Our teens have much to offer the church and the Christian community. They are fresh, energetic, and full of ideas. Harness some of that energy in your church. Help teens to feel valued as full-fledged members of your church family. 

They are the future!

O God, thou hast taught me from my youth
and hitherto have I declared thy wondrous works (Psalm 71:17).

(Friday’s post was about getting to know our teens. If you missed it, scroll down.)

Friday, October 24, 2014

Eight Suggestions for Understanding Teenagers

Photo by: Ambro

Teenagers are some of my favorite people. Throughout this post, you’ll see why. I feel that maybe they’ve gotten short shrift in Christian circles. Maybe it’s because we forget who we were at that age. I don’t know. But, let me offer a few ideas for understanding and teaching teens. (They go hand-in-hand.) These ideas are for parents, youth workers, and anyone desiring to influence teens for God.
  1. Listen and Watch--The cries of anguish and thirst for attention are expressed in different ways, depending on each individual teen’s personality. He may be the class clown, or she may be all made up and gaudy. He might be always in a corner with his smartphone, and she may spend hours in her room chatting online. He might drive fast and try to impress his buddies with goofy crudeness. She might play basketball and never cry when hurt. He or she might spend money like water. How the teen cries for attention reveals who he is. It’s so important that adults watch. Watching is part of listening. Talk, yes, but listen more. Don’t try to intrude, but find out where the teen is in his life. Only then can you meet his needs with the most adequate type of attention.
  2. Be Kind--No one wants someone down on him and on his case. You don’t, and your teen doesn’t. In these hormonally challenged years, teens are especially sensitive and touchy. They need thoughtfully kind, sincere compliments. They need a treat--think food--on a hard day. They need positive remarks, not negative criticism. Say please and thank you when you ask them to do tasks. A little kindness goes a long way.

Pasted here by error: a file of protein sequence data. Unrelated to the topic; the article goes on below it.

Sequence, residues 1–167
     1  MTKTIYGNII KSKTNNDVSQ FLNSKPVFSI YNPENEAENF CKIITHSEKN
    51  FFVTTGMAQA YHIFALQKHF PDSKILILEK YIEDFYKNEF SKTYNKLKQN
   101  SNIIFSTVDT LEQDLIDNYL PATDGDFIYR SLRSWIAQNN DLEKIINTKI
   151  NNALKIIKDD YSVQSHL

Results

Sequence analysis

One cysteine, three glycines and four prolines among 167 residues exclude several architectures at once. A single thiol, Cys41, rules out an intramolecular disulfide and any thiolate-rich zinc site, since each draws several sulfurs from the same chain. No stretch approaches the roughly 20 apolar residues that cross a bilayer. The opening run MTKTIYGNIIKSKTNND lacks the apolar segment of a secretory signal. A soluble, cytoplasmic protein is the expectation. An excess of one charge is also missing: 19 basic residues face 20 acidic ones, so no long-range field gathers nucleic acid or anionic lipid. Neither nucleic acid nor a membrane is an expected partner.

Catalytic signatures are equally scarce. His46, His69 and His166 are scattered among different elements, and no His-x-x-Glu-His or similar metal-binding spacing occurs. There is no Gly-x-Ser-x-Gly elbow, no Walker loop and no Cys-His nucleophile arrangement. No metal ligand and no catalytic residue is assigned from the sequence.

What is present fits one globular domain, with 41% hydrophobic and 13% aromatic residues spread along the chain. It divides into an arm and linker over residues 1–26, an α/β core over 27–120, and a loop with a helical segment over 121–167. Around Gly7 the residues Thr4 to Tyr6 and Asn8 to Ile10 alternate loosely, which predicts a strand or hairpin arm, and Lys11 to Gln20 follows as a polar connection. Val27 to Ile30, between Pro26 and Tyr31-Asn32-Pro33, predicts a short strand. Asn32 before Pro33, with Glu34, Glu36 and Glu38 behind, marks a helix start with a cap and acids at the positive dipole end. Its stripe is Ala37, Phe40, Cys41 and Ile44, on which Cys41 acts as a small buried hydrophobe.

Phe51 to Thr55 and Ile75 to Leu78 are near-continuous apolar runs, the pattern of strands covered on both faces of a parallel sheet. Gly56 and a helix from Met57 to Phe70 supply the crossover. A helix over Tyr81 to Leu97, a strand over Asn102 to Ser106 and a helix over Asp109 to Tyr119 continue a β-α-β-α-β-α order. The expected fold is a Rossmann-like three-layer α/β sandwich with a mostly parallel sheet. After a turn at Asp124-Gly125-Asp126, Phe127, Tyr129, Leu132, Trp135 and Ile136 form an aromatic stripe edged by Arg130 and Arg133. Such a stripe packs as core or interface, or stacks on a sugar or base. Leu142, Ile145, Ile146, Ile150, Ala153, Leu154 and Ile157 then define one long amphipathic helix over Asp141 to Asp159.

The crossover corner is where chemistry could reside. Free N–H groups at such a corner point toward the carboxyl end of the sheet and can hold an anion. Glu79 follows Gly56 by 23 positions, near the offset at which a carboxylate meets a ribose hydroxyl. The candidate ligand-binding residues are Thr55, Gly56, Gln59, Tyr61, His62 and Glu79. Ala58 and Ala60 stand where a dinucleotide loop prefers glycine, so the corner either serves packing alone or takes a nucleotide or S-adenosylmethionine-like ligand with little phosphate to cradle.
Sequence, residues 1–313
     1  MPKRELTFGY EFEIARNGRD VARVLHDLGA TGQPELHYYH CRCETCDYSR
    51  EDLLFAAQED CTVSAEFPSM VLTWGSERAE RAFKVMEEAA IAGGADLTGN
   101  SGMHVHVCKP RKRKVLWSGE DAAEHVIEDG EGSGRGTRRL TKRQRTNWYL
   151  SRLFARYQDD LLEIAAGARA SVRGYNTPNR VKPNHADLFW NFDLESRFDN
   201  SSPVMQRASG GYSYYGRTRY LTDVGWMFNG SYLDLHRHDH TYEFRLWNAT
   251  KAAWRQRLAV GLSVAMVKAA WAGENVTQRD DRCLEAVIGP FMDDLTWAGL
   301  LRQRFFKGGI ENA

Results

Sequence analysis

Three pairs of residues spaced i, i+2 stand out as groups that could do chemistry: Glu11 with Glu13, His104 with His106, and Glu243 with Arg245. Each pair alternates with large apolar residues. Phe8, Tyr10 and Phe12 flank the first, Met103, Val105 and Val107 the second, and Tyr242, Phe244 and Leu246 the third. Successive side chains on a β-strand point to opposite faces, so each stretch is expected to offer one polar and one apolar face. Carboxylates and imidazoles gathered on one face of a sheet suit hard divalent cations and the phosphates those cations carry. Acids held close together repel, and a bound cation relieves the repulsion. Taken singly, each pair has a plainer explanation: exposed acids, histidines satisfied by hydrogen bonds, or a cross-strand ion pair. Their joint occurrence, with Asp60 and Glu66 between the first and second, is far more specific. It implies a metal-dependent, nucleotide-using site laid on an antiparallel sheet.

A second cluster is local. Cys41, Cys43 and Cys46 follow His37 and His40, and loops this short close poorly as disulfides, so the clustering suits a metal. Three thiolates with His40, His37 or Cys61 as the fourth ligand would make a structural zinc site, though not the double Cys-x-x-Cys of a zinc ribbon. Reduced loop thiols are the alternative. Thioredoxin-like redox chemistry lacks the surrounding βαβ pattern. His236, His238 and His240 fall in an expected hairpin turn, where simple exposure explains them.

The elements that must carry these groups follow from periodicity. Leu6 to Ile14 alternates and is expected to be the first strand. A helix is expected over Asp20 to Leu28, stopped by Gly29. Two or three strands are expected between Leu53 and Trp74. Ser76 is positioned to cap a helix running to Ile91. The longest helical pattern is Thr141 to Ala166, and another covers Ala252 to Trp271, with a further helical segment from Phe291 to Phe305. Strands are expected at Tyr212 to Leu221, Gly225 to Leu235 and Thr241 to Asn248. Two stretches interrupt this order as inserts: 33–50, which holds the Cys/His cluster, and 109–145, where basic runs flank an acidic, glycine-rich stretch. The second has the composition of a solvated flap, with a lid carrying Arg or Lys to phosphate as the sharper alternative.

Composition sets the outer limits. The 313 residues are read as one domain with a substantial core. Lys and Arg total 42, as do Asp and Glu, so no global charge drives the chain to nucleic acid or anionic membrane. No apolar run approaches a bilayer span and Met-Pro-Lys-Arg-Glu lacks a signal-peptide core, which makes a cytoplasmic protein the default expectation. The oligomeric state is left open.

3. Build Bridges--To minister to a teen, you have to find common ground. Find an interest the two of you have in common. Discover a common challenge or goal. This takes communication, of course. How do you communicate with your teen? If they are gadget freaks, get a gadget and text them. If they are withdrawn, find something quiet you can enjoy together. If the teen likes music, get tickets and go to a concert together. If he hikes or bikes, do it with him. If he likes a certain sport, make popcorn and watch it with him. Sharing builds confidence, and confidence opens up talking and ministry.
  4. Laugh--Nothing is less appealing to a teen than a prune-faced Christian. Show teens good, wholesome fun. I believe it’s very important to plan games and activities where no one is singled out, where no one is embarrassed, and where everyone participates and joins in on the fun. The activities should include all the kids--the sporty ones and the nerds. Do crazy, simple, silly activities. Laugh along with (not at) the kids. Cheer. This goes for families as well as teen leaders. When Dad and Mom are the coolest, funniest people on earth, teens will listen to your ideas.
  5. Show--Teens quickly pick up on hypocrisy. They see right off whether you practice what you preach--or not. Be consistent. Be godly. Be real. I believe that one of the biggest reasons that children don’t follow their parents’ habits of church attendance and Bible reading is the poor example they see at home. Dad sits down to a movie and says, “Don’t come in here, Bobby; this movie is only for adults.” What message does 13-year-old Bobby get? Oh, it’s okay for my dad to be looking at filth, but it’s not for me? He jumps to the conclusion: my dad’s a hypocrite, and when I get older, I’ll watch whatever I want. Your personal godliness and discipline are being watched every day of your life. Make sure your example is consistent. This goes for parents and everyone else. No one picks up on hypocrisy in the church faster than teens! And, when you blow it--you will--apologize privately to each teen that your actions affect. Believe it or not, you will go up in their eyes, not down. Be big enough to admit mistakes.
  6. Love--Kids pick up super fast whether you genuinely love them or if you’re only tolerating them. Be genuinely loving. Don’t hold hands with your fourteen year old son or daughter in public, but hug them in private. Touching, like a pat on the arm or a tag as you walk by, shows your son or daughter you care for and love them. Don’t embarrass them in public, but demonstrate love as a family, at home.